The Pete & Linda we knew

The streets of Poland were crowded on this one Saturday afternoon.

It was Celebrate Poland specifically. Families and couples darted like ants across the main street between the library and the village hall – two buildings that, in my opinion, are about as picturesque as two facing buildings can be.

But that wasn’t the sight that my kids relished that day as our car crept through the village.

Piercing through the festive crowd was an odd site:

A man on a bicycle zipped at a pretty good clip through the crowd, heading south toward New Middletown.

“Look at the smile on that guy,” came a voice from the back seat.

Enhancing the cyclist’s smiley appearance was his bike – in that he had this unique upright posture like you were watching someone ride a bike in 1920.

“That guy’s lovin’ life,” the backseat voice continued.

I looked up, and yes, the guy looked like he was loving life, and for good reason.

It was legendary Vindy reporter Peter Milliken – just 24 hours into a well-earned retirement.

Pete called it a career a couple weeks back.

While the news goes on, it certainly goes on not the same way it had at The Vindy since Pete started in 1981.

People who understood and appreciated Pete – whether inside or outside our office – loved what he brought to the table.

Passion, brilliance, depth, care and resilience.

Pete was Pete, and while we have had many people retire in recent years, Pete had an aura all his own.

“He was the most accurate reporter in the history of The Vindicator,” said longtime co-worker Bertram de Souza.

“People who weren’t familiar with how he operated would be taken aback because he had no concept of taking over space. You were all of a sudden staring at Pete’s tape recorder. He was not abrasive in this way; but insistent – in a gentle way.”

Like many desks, Pete’s had that 3-foot-by-2-foot calendar desk mat that fills a workspace and allows you to scribble notes on it. Mine is great for catching coffee. The workdays on Pete’s calendar were always filled with handwritten notes of that day’s work. The tiniest of writing; a novel of notes; always on task.

That accuracy and perfection come from a single-mindedness that was not without its offbeat moments – especially when Pete was a rookie reporter.

In his first years with The Vindy, a breaking news event happened somewhere on the outskirts of downtown. The editor that day, like something out of Hollywood central casting, yelled into the newsroom “MILLIKEN!!! – run out there and see what’s going on.”

Pete returned a couple of hours later with the story – and in a drenched, sweaty state. He had actually run to the scene – because that’s what the boss ordered.

That’s Pete.

He ended his work with us in June. But three stories are still set to run from him in the coming weeks. And another on the Brazilian restaurant, BomBocado, is in today’s paper on page C1. That’s Pete, too.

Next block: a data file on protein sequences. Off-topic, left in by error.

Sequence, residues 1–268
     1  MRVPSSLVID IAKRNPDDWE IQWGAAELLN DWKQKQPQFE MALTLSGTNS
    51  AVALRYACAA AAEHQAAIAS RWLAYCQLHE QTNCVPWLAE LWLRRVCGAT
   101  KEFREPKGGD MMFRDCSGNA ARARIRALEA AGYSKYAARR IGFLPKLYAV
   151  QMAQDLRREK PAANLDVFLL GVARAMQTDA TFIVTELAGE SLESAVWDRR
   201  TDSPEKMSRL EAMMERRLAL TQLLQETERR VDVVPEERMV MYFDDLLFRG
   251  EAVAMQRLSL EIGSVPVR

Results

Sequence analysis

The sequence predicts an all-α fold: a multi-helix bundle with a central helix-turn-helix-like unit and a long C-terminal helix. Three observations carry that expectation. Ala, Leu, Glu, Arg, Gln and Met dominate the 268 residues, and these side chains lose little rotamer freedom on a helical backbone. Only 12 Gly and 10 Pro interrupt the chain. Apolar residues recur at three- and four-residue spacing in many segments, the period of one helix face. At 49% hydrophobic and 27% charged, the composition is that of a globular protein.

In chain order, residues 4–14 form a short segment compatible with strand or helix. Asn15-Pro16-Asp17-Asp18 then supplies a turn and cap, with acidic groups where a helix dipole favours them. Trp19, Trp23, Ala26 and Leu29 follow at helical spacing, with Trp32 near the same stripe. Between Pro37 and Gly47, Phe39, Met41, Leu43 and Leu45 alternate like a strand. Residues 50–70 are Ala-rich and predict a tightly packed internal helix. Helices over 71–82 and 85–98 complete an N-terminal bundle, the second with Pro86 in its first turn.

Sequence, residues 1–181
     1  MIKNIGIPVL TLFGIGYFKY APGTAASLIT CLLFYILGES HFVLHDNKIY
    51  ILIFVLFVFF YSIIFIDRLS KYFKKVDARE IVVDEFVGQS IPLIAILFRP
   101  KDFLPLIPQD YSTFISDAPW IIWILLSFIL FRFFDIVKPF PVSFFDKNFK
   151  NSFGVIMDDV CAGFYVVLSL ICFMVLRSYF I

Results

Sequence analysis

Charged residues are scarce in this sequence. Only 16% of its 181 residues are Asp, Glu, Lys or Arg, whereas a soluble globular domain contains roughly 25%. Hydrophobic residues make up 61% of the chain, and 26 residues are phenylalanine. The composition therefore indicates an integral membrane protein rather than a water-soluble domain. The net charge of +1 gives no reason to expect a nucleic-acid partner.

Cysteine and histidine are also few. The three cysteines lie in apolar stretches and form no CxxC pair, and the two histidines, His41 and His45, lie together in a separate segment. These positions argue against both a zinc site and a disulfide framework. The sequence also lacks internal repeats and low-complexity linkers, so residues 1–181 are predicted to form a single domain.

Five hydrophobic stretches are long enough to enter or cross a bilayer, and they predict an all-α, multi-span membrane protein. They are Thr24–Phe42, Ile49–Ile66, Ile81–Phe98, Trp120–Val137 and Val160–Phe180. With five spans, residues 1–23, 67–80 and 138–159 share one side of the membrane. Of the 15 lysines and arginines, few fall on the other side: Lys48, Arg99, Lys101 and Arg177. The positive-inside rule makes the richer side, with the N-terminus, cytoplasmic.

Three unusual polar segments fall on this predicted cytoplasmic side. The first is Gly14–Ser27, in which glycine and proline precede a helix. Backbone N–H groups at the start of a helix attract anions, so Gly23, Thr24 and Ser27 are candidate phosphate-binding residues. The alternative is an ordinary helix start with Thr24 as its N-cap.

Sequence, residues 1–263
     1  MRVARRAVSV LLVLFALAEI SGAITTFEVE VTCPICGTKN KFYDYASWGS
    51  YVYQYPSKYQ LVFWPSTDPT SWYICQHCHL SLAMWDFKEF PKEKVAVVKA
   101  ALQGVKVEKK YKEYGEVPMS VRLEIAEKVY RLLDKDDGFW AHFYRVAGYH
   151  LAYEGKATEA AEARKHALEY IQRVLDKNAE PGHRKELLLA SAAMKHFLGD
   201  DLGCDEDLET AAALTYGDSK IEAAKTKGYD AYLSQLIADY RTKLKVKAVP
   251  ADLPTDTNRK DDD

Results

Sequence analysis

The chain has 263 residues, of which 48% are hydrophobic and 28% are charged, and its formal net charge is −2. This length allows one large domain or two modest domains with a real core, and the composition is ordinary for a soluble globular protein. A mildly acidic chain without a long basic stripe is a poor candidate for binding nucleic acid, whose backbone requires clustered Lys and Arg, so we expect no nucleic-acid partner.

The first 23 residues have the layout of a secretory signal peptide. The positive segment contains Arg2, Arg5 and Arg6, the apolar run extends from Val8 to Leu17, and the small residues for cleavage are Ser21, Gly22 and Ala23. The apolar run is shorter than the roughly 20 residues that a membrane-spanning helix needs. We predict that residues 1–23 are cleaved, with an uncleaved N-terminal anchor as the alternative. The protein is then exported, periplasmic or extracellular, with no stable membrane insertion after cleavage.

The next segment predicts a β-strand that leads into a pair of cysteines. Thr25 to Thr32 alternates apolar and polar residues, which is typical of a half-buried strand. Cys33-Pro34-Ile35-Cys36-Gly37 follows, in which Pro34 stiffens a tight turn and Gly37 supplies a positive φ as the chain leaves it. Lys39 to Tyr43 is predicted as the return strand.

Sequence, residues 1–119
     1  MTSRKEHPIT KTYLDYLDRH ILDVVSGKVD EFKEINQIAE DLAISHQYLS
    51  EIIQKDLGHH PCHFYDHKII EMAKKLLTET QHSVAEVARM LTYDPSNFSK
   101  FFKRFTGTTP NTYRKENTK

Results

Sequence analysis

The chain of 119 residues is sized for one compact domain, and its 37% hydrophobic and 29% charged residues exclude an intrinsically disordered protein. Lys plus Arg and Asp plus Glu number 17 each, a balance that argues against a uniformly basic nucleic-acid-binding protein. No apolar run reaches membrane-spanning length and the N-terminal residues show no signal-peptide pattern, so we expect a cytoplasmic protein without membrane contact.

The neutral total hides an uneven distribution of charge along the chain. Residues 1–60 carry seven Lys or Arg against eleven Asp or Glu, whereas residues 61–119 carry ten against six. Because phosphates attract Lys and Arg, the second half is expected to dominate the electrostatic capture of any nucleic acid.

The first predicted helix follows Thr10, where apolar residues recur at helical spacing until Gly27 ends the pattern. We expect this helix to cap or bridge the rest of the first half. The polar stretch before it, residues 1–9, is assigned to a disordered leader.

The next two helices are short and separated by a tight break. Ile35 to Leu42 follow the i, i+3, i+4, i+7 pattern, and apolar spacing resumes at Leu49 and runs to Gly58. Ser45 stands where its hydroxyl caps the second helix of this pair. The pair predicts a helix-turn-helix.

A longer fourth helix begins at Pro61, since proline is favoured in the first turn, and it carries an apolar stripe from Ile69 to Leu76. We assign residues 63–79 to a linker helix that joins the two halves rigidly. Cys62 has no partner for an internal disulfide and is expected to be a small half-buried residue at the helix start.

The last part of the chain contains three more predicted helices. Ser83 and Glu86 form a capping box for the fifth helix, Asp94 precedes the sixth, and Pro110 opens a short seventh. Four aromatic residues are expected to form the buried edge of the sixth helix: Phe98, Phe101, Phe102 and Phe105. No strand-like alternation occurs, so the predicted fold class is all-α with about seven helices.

He has a piece on the new retail development in Columbiana and the 100 years of Lake Milton.

Outdoors, on hikes, or on a bike are where Pete is most at home. Some of his best journalism came tackling those topics.

When the Mill Creek MetroParks lakes closed two years ago, and then the lead water flareups hit in Sebring and Warren – the nearly retired Pete was among the most invested reporters we had.

Pete’s departure in June was our second longtime goodbye this spring.

In May, Linda Hartzell retired after many years with us. She served up the important news you would read in the paper but never knew where it came from. Weddings, engagements, club news, birth notices, class reunions, centenarians and more.

It came from Linda.

She was a union boss trusted by both sides of the workforce. But she earned most adulation for her brave battle with cancer.

She fought it as she worked. It seemed co-workers fought it with her.

She came back bald. She came back with a cane. In time, she was just back altogether, and it was a great scene for all.

“Linda never had a bad word to say about anyone,” said regional editor Ernie Brown. “She represented her workers fairly as a union manager, and she was dedicated to her job, always putting in a full day’s work. This paper was truly blessed to have such a wonderful employee.”

We’re not a gushy workplace, and maybe we should not be so.

But personalities and perseverance shown by two of the oldest staffers gave many of us warmth and smiles over the years.

We will miss them.

You will, too.

Todd Franko is editor of The Vindicator. He likes emails about stories and our newspaper. Email him at He blogs, too, on Tweet him, too, at @tfranko.

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